Dark Treasures is the title given to a series of screenings devoted to films made in and/or about colonial territories during the colonial era. Each screening is programmed by one archive of a former European colonial power. The term “colonial” can still trigger an anti-colonial reflex: all the negative connotations and associations rush in, effectively preventing a more open-minded inspection of objects related to colonial history. That, probably, is why colonial films, for instance, have been so obscure for so long. I’m not saying that the memories of the colonial era are misguided or that colonialism itself was an unconditional blessing. But then again, neither is political correctness. Closing our eyes to these materials – i.e. creating darkness – may easily demonize them.
Just like today’s news and current events programmes on television, colonial cinema was to a large extent meant to inform and educate spectators; in short to create an interest in territories that were unfamiliar or even alien. Of course, the films were selective, presenting colonial territories as inviting and untroubled, simply waiting to be explored and exploited. The fact that it was not uncommon for colonial cinema to be exhibited in special venues, under specific conditions, marks it as different from the many travelogues and industrial or exotic films shot in faraway places made by commercial companies (Pathé, Paramount, Messter, etc.) and shown in commercial cinemas. Rather than merely showing other places, such films often transported spectators to a different time; they were time machines, giving us a scenic tour of the pre-modern world. Colonial cinema, on the other hand, was a much more contemporary kind of cinema. To some extent it showed these territories as they were, with the infrastructure and technologies that made the colonized – as well as the colonizing – countries part of the modern world, for better or for worse.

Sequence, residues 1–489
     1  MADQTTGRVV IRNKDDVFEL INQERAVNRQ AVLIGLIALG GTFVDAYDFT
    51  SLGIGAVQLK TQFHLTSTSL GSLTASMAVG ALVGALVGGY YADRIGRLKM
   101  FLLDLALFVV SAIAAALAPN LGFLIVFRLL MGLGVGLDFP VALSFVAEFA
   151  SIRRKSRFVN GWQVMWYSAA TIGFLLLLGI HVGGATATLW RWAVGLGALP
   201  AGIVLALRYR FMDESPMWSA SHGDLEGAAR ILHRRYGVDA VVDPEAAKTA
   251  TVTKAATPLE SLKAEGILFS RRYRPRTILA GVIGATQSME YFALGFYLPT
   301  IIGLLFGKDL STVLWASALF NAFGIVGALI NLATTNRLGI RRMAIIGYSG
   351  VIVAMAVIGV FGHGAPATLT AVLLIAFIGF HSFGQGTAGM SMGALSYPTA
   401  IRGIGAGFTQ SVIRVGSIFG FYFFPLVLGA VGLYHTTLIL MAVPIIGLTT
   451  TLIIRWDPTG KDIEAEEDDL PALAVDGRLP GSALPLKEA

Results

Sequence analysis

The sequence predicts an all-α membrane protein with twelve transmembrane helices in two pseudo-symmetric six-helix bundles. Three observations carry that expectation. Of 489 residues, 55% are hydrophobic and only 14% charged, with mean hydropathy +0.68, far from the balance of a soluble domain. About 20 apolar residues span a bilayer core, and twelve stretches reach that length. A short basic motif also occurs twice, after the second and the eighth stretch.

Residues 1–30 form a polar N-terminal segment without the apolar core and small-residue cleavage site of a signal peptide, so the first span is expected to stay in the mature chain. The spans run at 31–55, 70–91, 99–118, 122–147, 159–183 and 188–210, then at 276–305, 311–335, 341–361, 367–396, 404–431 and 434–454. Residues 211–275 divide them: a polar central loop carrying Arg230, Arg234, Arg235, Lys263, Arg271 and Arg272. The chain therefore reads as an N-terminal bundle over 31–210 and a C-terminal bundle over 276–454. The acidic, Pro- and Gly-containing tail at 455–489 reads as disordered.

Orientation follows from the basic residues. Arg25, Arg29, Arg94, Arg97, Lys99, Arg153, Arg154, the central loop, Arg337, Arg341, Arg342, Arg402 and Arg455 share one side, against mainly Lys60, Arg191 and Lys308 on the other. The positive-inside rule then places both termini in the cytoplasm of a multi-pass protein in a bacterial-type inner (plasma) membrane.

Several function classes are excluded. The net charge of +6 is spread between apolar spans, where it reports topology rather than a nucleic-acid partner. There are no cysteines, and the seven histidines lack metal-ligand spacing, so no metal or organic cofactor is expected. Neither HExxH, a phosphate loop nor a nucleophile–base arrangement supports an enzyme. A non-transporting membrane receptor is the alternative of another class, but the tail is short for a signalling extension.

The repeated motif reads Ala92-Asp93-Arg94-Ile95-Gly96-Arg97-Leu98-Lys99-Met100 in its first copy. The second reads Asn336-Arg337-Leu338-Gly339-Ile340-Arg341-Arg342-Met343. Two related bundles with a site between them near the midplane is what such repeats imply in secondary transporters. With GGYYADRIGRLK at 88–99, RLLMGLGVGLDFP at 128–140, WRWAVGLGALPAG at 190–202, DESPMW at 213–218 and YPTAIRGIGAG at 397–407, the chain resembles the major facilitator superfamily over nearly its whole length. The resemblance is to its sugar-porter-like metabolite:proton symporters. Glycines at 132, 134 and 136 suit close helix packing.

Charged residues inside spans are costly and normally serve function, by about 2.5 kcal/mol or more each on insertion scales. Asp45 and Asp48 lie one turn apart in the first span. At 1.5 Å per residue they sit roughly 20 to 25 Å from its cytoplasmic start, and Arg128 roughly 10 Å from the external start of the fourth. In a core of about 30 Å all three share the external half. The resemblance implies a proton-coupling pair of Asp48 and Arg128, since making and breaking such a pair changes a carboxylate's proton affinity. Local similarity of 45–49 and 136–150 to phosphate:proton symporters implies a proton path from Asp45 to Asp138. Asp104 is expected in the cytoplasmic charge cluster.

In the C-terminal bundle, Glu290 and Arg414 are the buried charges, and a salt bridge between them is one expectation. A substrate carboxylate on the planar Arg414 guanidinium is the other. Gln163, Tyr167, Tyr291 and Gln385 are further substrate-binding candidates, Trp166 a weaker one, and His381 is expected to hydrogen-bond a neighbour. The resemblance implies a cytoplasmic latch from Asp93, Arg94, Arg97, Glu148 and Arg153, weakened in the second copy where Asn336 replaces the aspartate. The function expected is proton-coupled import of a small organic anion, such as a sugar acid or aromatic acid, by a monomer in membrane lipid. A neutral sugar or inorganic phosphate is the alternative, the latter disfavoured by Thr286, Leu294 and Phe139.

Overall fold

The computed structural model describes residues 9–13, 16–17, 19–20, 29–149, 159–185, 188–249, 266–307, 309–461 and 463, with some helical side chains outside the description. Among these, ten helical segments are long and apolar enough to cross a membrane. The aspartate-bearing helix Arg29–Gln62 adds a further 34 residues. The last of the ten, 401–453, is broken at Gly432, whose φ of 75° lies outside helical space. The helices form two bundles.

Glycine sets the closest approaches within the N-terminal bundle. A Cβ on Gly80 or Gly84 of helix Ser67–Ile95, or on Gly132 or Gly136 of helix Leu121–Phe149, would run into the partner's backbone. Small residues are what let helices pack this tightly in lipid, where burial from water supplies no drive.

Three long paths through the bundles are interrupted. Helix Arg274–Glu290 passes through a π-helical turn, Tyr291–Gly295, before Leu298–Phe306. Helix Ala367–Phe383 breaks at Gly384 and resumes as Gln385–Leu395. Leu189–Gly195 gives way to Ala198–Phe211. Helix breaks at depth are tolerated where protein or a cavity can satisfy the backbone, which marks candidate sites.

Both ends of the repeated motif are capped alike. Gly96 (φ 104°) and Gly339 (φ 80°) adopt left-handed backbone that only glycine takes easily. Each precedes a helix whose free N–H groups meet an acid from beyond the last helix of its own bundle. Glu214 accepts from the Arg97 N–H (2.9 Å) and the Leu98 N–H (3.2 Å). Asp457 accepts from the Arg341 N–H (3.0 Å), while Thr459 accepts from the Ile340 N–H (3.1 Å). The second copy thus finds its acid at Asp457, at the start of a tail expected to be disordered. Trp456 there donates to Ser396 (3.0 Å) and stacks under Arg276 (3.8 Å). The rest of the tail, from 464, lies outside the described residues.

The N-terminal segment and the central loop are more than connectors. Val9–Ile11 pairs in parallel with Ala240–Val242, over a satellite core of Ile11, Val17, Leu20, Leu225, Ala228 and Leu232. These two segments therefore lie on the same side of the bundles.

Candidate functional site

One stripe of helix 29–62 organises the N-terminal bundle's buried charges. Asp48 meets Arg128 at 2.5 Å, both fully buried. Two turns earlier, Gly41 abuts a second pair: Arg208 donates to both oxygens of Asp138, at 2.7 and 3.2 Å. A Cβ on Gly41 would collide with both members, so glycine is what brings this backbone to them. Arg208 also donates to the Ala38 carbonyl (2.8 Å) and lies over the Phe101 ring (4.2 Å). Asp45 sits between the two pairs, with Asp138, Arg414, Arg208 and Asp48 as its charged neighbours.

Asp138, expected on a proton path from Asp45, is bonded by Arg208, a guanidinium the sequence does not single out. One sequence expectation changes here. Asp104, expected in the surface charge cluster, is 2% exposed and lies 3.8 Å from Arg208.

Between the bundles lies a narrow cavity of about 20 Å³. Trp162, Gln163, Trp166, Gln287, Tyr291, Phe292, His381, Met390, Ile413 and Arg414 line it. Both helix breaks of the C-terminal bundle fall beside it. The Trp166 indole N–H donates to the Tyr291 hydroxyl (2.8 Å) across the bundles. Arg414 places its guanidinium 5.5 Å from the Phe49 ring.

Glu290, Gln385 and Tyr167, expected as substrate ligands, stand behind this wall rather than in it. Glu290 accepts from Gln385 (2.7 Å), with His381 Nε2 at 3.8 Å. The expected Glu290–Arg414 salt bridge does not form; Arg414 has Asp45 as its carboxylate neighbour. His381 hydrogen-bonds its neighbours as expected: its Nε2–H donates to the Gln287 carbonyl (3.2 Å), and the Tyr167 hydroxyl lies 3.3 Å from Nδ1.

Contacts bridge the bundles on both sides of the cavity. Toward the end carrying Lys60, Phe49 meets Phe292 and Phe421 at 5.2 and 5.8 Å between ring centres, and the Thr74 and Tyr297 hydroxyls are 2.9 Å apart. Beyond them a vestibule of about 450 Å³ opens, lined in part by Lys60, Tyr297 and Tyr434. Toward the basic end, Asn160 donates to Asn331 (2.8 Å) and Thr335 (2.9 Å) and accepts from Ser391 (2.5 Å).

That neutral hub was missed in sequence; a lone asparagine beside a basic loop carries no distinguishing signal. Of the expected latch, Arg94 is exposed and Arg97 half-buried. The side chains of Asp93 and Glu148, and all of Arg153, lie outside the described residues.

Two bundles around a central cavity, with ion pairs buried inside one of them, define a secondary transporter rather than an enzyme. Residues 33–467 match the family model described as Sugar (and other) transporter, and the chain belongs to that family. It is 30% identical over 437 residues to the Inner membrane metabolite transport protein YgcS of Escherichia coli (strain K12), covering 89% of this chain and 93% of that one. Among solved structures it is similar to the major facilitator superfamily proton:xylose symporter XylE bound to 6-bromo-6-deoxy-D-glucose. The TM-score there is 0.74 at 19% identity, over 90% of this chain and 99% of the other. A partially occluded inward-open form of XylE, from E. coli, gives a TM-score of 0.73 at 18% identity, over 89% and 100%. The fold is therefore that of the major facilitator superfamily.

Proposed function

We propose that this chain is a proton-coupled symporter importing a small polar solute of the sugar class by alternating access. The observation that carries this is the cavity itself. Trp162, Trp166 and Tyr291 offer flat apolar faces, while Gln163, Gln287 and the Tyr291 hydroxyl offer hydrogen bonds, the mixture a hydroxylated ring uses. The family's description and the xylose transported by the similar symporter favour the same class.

Nico de Klerk – Nederlands Filmmuseum